About This Blog

The public should know all we can about the business of the decision makers that affect our lives, our wallets and our democracy. This is a record of my efforts to try and improve the levels of transparency and accountability within Sheffield City Council and others. To shine a light on how decisions are made and where the money goes. If I can also help others to find their own voice and influence along the way, then that is a bonus.

Sunday, 2 November 2014

Not my Sunday Sermon, by Nigel Slack.

I considered calling this my Sunday sermon but, being an atheist that would be a little misleading. I also don't plan a long oration on the moral ills of our society or selves. The subject is certainly not theological but it is, I guess, about some of the attitudes and even ethics that have driven us to be more self focussed than society focussed of late.

The current narrative from government and the media is leading to an attitude amongst many people that any effort that does not produce something, in economic terms, is pointless and therefore not worthy. If you work on something that does not generate greater wealth for yourself, or, if you are not paid by someone to do a job that creates greater wealth for them, you are often considered less worthwhile, as a person, than those that do.

The government would have us believe, ably supported by the media, that Art is now an economy, that the Care Sector is an economy, that Education is an economy (they are supported in that particular myth by Universities that now resemble major corporations rather than seats of learning). Local Councils are manipulated, through shortage of funds, then by incentive payments, to develop only those things that bring 'economic benefit', real or imagined, based on private sector solutions and in ways that further the current economic theories that the market knows best.

Education, as a market, tells us every child is the same blank slate that can be trained to do anything. This is odd. We know that genetics affect our eye colour, hair colour, skin colour, height, health and even left or right handedness, then why not our brains capacity to learn. Could it be that the private sector doesn't want the education system to produce anyone that may step away from the 'correct' economic narrative? Typically those people that are labelled creatives are told they need to be businessmen too and offered training to make them so. They cannot just be creative and have that fostered by society, they have to make a product that can be sold or exploited by them or someone else.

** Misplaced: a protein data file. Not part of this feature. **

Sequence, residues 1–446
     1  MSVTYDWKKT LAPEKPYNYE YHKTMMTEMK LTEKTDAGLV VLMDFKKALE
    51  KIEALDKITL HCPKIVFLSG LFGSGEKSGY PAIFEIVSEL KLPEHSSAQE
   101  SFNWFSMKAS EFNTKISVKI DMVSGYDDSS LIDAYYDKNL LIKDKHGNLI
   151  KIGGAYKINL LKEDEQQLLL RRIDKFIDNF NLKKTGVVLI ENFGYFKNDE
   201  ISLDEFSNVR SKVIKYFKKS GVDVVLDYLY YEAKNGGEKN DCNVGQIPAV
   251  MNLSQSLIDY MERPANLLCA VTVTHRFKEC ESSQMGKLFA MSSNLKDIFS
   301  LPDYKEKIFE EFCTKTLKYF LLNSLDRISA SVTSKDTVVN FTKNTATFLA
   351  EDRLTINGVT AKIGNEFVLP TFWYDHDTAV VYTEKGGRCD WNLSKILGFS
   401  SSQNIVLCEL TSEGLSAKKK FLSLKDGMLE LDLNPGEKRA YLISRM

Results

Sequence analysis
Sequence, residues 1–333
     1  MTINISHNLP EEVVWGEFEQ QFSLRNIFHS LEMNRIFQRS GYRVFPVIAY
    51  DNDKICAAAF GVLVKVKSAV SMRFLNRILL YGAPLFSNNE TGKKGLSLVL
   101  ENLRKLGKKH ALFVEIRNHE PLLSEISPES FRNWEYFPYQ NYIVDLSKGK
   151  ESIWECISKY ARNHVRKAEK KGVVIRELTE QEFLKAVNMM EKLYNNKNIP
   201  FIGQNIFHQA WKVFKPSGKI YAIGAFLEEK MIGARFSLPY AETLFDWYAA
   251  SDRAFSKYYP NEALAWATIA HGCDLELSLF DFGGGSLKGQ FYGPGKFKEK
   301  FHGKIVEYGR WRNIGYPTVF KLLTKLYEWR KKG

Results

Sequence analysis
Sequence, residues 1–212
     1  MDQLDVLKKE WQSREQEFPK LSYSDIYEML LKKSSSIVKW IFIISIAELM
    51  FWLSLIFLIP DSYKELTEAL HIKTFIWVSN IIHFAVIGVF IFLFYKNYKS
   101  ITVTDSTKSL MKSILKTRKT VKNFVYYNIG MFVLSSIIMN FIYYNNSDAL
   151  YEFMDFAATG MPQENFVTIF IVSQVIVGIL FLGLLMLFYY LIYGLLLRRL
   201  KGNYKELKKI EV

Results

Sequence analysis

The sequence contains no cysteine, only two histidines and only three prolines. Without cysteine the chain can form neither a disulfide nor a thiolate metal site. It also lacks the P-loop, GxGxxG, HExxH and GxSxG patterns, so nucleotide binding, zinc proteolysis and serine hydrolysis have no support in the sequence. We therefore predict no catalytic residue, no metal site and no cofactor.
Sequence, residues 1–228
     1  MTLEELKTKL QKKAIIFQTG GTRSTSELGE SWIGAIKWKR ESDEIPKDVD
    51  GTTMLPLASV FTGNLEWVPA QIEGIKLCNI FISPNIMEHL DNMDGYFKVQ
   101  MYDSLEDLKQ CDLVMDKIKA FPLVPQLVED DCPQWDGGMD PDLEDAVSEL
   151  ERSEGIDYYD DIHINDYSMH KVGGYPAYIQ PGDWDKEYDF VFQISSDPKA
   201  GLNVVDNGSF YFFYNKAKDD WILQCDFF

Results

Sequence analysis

Anything non productive is being left in a space where no-one wants to pay for it. Take my own example. Thirty five years of almost constant employment in business, post graduate management education, years of voluntary work in my twenties and thirties and latterly twenty years in a service industry. Now I've identified a role that, not only am I eminently qualified to do but about which I am passionate and which, I believe, is important to Sheffield as an economically challenged city.

Visit my 'The Public Interest' funding campaign

It's not a role that can be done through employment or by sponsorship of one organisation. That would compromise the independence that is vital to successfully doing what I do. I'm trying to raise the money to continue my work, full time, through public subscription. People who see what I do or read about what I do tell me it is a vital task in this age of corporate and big money lobbying, because I try to stand up for the public in general. They tell me I should carry on doing what I do because they don't have the time or the skills to do it like I do.

The trouble is, that apart from a few sterling silver souls that have been incredibly generous and contributed to my campaign, most people seem to think someone else will pay for it. Some have even commented that what I do is great but what will come out of it? There's the rub. What I do is not producing a product or any content that is economically exploitable and as such is deemed, by many, as less worthy than getting a 'proper job'.

I would like to be proved wrong and that people will support socially beneficial ideas, even if a little unorthodox but as someone without the economically approved acceptability of being employed by someone else, I am beginning to doubt it.

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